Baseball: The Last Refuge from What Divides Us

Baseball may just be one of the last remaining apolitical spaces left in American life. Americans are divided by political party, race, religion, and culture more than any time I can remember in my lifetime, but baseball has blessedly remained a refuge, a place where everyone leaves those differences at the turnstile and simply enjoys America’s favorite pastime.

Tuesday’s All Star Game was no exception. Americans from all walks of life gathered for the annual event and immersed themselves in baseball’s time-honored traditions for a few hours.

I am a lifelong baseball fan. I grew up listening to the legendary Joe Tait calling the Indians games, beginning each game with “it’s a beautiful day for baseball!” — even during the most frigid spring games in Cleveland. My parents used to load the family into the Chevy Impala (and later the Chevette when gas prices soared) for the trip to the old Cleveland Stadium back in the days when you could buy tickets for a few bucks. Though I was still in elementary school, I still vividly recall the streakers and the near-riot during the infamous Ten Cent Beer Night game in 1974 (my dad grabbed the binoculars away from me during the streakers). I learned to keep score during long, sweaty Saturday afternoons at the stadium—a skill I would put to good use during the many years our sons played baseball (and "official scorekeeper for the Indians" remains my unrequited dream job).

Compared to other sports, with their time clocks and hurried pace, baseball is almost indulgent. There is time for long conversations, hot dog breaks, and leisurely strolls around the stadium. The traditions and rituals abound, beginning with the national anthem and proceeding through the obligatory ceremonial first pitch and 7th inning stretch. An unwritten rule of baseball etiquette dictates that political discussion only occur in hushed tones so as not to disrupt the jovial atmosphere.  When we're at a game together, I don't care if you're a Republican, a Democrat, or a Socialist. As long as we're wearing the same team colors, we are compatriots on this day.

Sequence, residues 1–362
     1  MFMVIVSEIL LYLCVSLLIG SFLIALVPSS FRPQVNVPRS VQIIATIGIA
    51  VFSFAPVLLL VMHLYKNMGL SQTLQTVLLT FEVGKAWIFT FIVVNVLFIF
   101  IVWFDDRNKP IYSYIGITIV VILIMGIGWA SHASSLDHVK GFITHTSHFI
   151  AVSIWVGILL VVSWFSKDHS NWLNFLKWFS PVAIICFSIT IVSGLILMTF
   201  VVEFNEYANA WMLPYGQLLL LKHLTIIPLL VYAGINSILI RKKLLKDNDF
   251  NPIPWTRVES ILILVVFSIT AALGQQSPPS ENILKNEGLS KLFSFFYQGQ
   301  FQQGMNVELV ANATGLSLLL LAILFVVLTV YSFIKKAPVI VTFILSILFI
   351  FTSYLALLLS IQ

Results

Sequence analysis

The 2013 All Star Game kicked off with American Idol winner Candice Glover (donning a National League jersey) belting out the national anthem as a giant flag, held by members of the military, covered nearly the entire outfield. I always smile as I watch the players lined up during the song, shifting and wiggling, trying to contain some combination of energy and adrenaline rush. These grown men are just larger versions of the wiggly boys we see on the tee ball field. During Glover’s perfect performance, soldiers and veterans saluted and the crowd stood in respectful solidarity, erupting into a cheer when the soldiers made the flag wave during, “Oh say! Does that star-spangled banner yet wave?” No Republicans. No Democrats. Go America! Play ball!